Bisexual people are individuals with emotional, and/or sexual attractions toward people of more than one sex or gender. Bisexuality is a enduring sexual orientation, like homosexuality or heterosexuality.
Today, researchers understand that sexual orientation is more complex than sexual behaviors alone. The Religious Institute defines sexual orientation as an individual’s enduring romantic, emotional, or sexual attractions toward other persons. Sexual orientation is a complex relationship among sexual attractions, behaviors, and self-identity.1 “Heterosexual,” “homosexual,” and “bisexual” are examples of specific sexual orientations. Sexual orientation refers to feelings and identity, not just behavior. Individuals do not always express their sexual orientation through their sexual behaviors.
The Kinsey scale, developed in the 1940s by the pioneering sexuality researcher Alfred Kinsey, posits a continuum for sexuality orientation from “0” (for people whose orientation is exclusively toward persons of the other sex) to “6” (for people whose orientation is exclusively toward persons of the same sex). The Kinsey scale created a wide berth for persons whose sexual behaviors lay somewhere between 0 and 6.
Several decades later, building on the work of Dr. Kinsey and his colleagues, Dr. Fritz Klein developed a more nuanced two-dimensional model of sexual orientation, now known as the Klein Sexual Orientation Grid. It was first published in his book, The Bisexual Option, in 1978. The Klein Grid is designed to expand on Kinsey’s work in several ways. First, it accounts for the fact that a person’s sexual orientation may change over time, and asks people to rate their past, present, and ideal orientation on each factor. The Klein Grid includes seven variables that use a 1 to 7 rating criteria similar to the Kinsey scale, ranging from exclusive “opposite” sex attraction to exclusive same sex attraction. The 21 boxes are rated, and then can be viewed as a complex individual picture that cannot be reduced to a single number on a one-dimensional scale.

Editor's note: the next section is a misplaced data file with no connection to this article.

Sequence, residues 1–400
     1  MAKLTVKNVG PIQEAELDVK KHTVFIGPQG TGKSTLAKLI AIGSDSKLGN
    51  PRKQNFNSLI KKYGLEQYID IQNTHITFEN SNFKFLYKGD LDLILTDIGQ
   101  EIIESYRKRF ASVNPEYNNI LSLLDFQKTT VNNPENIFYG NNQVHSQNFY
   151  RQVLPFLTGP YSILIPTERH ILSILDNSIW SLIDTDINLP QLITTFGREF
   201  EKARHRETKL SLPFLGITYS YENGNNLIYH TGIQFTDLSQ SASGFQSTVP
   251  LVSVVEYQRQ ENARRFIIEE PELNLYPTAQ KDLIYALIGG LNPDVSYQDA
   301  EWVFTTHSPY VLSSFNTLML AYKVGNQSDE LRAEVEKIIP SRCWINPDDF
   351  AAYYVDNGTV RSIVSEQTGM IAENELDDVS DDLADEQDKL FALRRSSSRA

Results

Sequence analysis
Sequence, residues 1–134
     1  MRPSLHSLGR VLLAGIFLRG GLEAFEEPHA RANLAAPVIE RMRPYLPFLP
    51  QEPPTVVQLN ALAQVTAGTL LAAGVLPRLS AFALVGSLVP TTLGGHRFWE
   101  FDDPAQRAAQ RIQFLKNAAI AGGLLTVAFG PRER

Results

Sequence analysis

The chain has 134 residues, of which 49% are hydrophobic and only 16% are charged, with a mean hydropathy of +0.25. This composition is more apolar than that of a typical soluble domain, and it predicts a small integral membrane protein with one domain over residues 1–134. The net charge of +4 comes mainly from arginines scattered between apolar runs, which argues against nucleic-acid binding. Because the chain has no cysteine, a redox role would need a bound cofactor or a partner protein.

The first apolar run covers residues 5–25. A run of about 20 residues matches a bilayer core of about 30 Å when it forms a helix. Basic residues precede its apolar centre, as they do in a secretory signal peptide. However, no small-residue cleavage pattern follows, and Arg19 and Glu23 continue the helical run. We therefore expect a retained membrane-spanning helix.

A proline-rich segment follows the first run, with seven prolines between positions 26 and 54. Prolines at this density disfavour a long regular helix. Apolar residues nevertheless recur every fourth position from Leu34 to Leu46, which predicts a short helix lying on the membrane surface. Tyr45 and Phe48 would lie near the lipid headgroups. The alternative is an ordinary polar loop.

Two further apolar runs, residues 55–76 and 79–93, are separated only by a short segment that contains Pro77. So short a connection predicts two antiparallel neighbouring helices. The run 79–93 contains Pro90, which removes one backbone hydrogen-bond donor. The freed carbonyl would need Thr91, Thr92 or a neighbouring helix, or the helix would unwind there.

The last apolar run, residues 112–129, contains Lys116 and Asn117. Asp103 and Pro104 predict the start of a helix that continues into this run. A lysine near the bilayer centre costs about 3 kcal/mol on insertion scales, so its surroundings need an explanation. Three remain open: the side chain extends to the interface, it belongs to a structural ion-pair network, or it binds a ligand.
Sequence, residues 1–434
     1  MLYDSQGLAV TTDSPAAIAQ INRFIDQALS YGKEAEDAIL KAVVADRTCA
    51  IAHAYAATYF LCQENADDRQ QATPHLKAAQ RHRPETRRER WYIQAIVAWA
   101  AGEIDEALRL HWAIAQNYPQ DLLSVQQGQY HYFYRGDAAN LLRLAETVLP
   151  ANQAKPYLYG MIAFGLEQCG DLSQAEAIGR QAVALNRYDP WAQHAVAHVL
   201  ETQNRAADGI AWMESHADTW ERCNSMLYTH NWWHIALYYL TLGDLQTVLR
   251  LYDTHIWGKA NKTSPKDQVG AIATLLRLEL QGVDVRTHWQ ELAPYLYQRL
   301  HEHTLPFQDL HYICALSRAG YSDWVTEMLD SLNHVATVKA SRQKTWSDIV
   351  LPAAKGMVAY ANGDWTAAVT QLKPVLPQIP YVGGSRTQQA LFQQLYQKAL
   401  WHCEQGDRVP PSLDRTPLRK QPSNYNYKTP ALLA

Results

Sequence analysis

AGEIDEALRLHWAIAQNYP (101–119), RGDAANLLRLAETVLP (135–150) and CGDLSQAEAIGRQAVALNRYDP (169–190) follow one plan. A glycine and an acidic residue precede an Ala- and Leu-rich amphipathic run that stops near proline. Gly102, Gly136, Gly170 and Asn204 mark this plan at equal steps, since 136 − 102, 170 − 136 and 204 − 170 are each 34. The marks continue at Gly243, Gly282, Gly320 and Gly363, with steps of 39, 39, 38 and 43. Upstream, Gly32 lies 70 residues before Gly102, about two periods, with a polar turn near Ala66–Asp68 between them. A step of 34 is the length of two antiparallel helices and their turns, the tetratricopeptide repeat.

Given the complexities, it’s difficult to estimate the size of the bisexual population. In 2002, the National Survey of Family Growth found that nearly 13 percent of women and nearly 6 percent of men said they were attracted to both men and women, but only 2 percent specifically identified as bisexual. (By comparison, 1.8 percent identified as gay/lesbian.) Miller, Marshall, Amy Andre, Julie Ebin and Leona Bessonova. Bisexual Health: Introduction and Model Practices for HIV/STI Prevention Programming. (Washington: National Gay and Lesbian Task Force Policy Institute, 2007), 3.
Bisexuality often gets erased in the rush to apply gender-based labels. A bisexual woman married to a man is assumed to be heterosexual; a bisexual man in a committed relationship with another man is assumed to be gay. There are also the myths and stereotypes that bisexuals must endure – that they are promiscuous or unable to form committed relationships; that all people are really bisexual (but won’t admit it); that bisexuality is a phase; or that bisexuals are just confused homosexuals. Stereotyping is one of the most pernicious aspects of biphobia (the fear or hatred of bisexual persons).
It would be easy for bisexuals to surrender to invisibility and biphobia were they less-attuned to the unique blessings of their sexuality. “A great many of us find that our bisexuality deepens our spirituality,” says Rev. Susan Craig, a Presbyterian minister. “When it’s time for us to fall in love, our ‘time to embrace,’ we don’t know if it will be with a woman or a man. And so we experience the Spirit’s movement in our lives, ‘blowing where it chooses… but [we] do not know where it comes from or where it goes.’” [John 3:8]
Bisexual people may bring unique spiritual gifts to their communities of faith, such as a deeper understanding of diversity in creation, an attuned sensibility to the ambiguities and paradoxes of faith, and an innate ability to build bridges and engage the “other.” The LGBT rights movement, both secular and religious, is just beginning to address issues specific to bisexuals, and to fully embrace the gifts of bisexual people. The first step for religious communities may be to create an environment where bisexuals feel comfortable being, and sharing, who they are.